See the "court ratings" section on this page. The list of courts that "get it" provide helpful information to non attorneys.
If the staff at your court tells you that they can't offer you any help, you may wish to refer them to the websites of these other bankruptcy courts that manage to provide ample help the general public.
What is a 341 Hearing?
The Justice Department's Office of the US Trustee offers instructions for 341 meetings that are unique to each district
Click this link to get information and meeting locations for your district.
Some meetings, especially in rural areas, can now can be done virtually with no need to travel to to the courthouse. Contact your bankruptcy court clerk or trustee to find out whether "virtual" 341 meetings are being conducted in your district.
A 341 hearing is the so-called "creditors meeting" that every bankruptcy filer must attend shortly after you file your bankruptcy papers.
For many filers, this will be your only trip to the courthouse.
This is when you meet with the bankruptcy trustee appointed to your case, and are asked questions about the information you have entered on your forms.
Most court websites post schedules of 341 hearings. When you file, you will be notified of your hearing date and location.
If you are the debtor, you will need to bring certain documents to the 341 hearing, including:
- Government-issued photo identification, such as a driver's license or passport
- Social Security card or other proof of your Social Security number
- Your bankruptcy petition and all schedules and statements that you filed with the court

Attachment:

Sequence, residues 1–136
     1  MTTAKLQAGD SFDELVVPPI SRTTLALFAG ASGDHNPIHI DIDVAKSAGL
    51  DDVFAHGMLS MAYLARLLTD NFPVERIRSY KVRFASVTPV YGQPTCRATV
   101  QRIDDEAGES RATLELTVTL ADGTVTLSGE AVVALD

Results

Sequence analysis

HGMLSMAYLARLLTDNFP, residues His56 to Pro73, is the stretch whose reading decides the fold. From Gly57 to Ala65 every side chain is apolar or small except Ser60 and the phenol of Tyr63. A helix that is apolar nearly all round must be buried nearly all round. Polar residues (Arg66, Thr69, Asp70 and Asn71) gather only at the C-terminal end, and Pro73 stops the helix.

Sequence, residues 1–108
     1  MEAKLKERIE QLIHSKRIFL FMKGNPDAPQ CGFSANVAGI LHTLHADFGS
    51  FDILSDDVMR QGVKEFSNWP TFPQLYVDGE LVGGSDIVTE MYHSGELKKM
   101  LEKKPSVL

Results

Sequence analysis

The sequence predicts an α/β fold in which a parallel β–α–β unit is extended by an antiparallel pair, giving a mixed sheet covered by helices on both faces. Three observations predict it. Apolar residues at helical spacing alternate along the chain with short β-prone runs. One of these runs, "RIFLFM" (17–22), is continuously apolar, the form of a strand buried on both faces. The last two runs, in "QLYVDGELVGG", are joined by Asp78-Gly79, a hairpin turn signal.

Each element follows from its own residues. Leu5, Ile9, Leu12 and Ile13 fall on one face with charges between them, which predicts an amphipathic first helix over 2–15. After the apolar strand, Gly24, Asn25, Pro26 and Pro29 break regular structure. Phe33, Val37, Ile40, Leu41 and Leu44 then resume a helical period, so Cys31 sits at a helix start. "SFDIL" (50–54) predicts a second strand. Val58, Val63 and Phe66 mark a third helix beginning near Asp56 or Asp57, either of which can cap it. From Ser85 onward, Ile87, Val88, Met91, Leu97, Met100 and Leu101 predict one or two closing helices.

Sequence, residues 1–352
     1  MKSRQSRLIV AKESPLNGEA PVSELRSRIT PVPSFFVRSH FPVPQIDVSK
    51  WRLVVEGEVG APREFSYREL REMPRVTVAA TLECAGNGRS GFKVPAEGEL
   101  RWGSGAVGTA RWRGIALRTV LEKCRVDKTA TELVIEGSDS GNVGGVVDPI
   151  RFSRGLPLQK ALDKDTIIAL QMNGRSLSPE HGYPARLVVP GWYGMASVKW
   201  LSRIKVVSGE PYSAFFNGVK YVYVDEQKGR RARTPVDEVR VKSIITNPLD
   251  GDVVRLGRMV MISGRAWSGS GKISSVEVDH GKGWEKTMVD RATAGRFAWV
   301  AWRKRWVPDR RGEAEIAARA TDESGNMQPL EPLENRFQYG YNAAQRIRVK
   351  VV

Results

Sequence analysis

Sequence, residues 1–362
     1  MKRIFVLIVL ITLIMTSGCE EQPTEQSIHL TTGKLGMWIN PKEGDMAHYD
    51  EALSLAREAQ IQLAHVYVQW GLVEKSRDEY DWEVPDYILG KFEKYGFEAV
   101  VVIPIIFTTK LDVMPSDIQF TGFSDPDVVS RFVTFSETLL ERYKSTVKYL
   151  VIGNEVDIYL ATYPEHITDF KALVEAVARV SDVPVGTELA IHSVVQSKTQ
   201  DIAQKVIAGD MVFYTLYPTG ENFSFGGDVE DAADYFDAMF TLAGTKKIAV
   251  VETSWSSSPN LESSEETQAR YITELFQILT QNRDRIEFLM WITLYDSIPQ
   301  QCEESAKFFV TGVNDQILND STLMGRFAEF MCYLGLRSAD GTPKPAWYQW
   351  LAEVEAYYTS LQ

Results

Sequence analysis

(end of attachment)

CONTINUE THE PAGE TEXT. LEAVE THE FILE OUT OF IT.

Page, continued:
- Any pay stubs or other proof of income that you have received since filing for bankruptcy
- Any bank statements or other financial statements that you have received since filing for bankruptcy
- Any other documents that the bankruptcy trustee has requested that you bring to the hearing.
It is important to review your bankruptcy petition and all other documents filed with the court before the hearing to make sure that everything is accurate and complete.
When you show up for your hearing, you will find that many other people have hearings set for the same day. You sit wait for your name to be called.
This is also the time when creditors can ask questions about your papers, and objections to your filing may be raised by creditors. But most of the time, no creditors attend. After all, it's the job of the trustee to represent the creditors' interests, and it routine cases, there are no issues.
The book How to File for Chapter 7 Bankruptcy provides detailed information about what to expect at your 341 hearing.
What does “pro bono” mean
"Pro bono" is a Latin term that refers to lawyers who are willing to provide assistance for free. Bar associations like to talk about the fact that lawyers do 'pro bono' but, in fact, very few actually do, and the need for legal services is far greater than the amount of pro bono help available. Nevertheless, some court websites will direct you to pro bono services instead of simply providing the information you need.
Pro bono services can be uneven. Some can be excellent while others may be done by lawyers with little expertise in bankruptcy law. If you read a good book on how to file for bankruptcy before you meet with your pro bono lawyer, you will be better able to gauge their knowledge of bankruptcy law.